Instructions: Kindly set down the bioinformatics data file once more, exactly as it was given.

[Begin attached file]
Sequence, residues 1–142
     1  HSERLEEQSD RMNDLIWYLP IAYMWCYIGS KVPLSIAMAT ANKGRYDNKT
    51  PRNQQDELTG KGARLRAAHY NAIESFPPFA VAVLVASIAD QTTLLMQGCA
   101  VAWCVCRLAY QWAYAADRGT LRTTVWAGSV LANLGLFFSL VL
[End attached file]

Sequence, residues 1–142
     1  HSERLEEQSD RMNDLIWYLP IAYMWCYIGS KVPLSIAMAT ANKGRYDNKT
    51  PRNQQDELTG KGARLRAAHY NAIESFPPFA VAVLVASIAD QTTLLMQGCA
   101  VAWCVCRLAY QWAYAADRGT LRTTVWAGSV LANLGLFFSL VL